The U.S. State Department says it's "deeply concerned" about the coronavirus' potential impact on North Korea and is ready to help.
It said Thursday that the department is prepared to approve assistance from American and international aid organizations.
The statement came after the Red Cross called for an urgent exemption to the sanctions put in place on Pyeongyang due to its nuclear weapons programand wants to be allowed to transfer funds to its North Korea office, saying it is "essential as a life-saving intervention."
Such a humanitarian move shows that the U.S. is willing to make a small concession but experts say this has often been the way in which the U.S. has approached the regime.
"The truth is that the U.S. government has always granted humanitarian waivers to North Korea. I mean, based on the State Department and the Treasury Department allows NGOs to receive funds that allow them to continue their humanitarian assistance activities in the country."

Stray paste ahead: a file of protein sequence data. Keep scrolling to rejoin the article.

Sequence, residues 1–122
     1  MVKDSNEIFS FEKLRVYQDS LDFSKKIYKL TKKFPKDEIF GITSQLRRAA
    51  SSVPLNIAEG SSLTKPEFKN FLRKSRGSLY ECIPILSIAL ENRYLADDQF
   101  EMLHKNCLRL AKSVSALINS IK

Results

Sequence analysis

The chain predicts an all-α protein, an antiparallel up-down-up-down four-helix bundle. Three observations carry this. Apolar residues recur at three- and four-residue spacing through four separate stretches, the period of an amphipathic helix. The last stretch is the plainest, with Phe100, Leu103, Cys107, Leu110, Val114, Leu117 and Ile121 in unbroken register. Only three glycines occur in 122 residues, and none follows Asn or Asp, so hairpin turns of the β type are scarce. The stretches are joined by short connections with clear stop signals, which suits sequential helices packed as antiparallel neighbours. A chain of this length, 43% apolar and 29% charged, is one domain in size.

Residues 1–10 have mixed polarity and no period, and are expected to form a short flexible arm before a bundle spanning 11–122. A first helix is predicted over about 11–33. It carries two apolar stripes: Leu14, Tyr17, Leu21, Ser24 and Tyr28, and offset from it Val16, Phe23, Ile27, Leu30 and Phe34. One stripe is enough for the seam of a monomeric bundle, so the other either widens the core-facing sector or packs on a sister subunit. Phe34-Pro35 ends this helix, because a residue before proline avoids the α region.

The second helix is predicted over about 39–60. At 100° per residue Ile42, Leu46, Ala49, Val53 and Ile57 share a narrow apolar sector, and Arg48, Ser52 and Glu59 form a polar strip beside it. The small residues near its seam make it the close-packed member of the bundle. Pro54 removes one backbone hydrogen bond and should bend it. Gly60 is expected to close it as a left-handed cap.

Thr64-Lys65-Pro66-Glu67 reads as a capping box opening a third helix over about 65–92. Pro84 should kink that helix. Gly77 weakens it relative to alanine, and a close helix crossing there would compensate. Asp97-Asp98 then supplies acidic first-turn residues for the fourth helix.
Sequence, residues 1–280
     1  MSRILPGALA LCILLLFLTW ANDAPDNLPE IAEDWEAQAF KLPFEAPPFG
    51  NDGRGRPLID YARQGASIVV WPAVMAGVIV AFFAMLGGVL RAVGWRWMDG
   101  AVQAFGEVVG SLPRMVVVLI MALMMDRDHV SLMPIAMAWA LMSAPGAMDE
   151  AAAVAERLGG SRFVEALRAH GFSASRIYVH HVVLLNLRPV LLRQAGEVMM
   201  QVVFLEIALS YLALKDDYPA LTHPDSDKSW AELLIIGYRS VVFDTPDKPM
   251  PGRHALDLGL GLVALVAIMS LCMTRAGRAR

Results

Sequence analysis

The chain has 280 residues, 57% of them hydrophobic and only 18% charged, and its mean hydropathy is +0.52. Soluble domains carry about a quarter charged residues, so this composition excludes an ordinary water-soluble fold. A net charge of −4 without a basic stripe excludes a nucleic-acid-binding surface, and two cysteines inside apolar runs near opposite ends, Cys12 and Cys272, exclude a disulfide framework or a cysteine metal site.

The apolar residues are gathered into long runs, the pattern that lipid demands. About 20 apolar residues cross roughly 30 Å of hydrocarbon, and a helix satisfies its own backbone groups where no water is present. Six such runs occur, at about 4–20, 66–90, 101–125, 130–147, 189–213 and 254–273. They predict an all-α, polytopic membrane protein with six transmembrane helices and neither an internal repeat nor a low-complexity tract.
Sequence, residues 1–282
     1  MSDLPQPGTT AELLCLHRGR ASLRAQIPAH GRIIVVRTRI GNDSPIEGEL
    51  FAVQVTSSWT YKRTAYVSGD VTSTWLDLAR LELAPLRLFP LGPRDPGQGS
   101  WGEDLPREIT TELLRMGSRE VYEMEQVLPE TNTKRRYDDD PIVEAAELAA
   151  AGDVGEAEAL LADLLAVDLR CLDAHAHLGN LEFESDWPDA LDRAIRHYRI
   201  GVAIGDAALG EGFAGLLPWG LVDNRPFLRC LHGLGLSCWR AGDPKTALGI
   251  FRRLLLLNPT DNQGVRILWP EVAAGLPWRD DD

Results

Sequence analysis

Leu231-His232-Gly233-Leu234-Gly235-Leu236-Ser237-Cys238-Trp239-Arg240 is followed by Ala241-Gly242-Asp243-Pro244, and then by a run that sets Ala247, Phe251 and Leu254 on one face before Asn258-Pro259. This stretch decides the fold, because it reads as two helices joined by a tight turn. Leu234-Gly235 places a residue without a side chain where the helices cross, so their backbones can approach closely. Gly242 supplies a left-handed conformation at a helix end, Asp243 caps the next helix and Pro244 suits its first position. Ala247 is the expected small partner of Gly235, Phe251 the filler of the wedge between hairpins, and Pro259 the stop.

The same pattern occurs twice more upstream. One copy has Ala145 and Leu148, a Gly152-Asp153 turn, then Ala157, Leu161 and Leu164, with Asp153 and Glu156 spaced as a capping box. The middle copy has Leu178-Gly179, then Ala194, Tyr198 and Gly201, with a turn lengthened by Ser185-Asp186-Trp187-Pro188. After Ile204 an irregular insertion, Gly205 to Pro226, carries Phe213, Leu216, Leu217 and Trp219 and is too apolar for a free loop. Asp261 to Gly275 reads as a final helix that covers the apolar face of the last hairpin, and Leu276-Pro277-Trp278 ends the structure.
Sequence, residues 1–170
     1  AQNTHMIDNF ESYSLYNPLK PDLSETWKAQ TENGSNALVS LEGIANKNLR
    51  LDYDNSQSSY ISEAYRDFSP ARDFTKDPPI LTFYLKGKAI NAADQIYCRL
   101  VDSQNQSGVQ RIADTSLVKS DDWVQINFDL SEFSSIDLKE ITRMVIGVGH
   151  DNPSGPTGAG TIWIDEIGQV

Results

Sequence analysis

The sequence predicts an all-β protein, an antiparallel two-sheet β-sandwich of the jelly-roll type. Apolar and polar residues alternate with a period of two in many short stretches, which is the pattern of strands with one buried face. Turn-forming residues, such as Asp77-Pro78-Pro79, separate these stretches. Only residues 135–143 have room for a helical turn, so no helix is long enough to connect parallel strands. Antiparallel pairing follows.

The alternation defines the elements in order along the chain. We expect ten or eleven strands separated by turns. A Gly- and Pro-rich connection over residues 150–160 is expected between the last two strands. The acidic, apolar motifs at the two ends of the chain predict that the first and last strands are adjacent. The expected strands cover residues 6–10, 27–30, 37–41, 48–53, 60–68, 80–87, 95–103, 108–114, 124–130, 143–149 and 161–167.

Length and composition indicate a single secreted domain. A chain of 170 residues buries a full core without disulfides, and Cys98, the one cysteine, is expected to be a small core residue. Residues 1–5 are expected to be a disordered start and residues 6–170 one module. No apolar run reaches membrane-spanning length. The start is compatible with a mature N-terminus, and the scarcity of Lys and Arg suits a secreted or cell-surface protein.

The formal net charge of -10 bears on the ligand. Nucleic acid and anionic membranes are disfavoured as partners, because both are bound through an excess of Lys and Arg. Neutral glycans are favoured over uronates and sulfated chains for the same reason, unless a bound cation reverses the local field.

He added that Washington has always separated humanitarian issues from any nuclear negotiations with the North.
Meanwhile, a U.S. military commander said Thursday that North Korea will take part in further weapons tests to improve their capability of reaching the U.S. mainland.
And although the Trump administration seemed to have lost interest in talks with North Korea, the timing of the U.S. military reaffirming that North Korea is ready to test-launch an intercontinental ballistic missile is interesting says the expert.
"I think this is essentially message from the U.S. government that, you know, the language itself was very objective, factual, but underlying it, U.S. has started to recognize North Korea as capability of such threat to be real and preparing countermeasures.
Talks between the U.S. and North Korea stalled since the working-level meeting which took place in Stockholm last October.
Hong Yoo, Arirang News.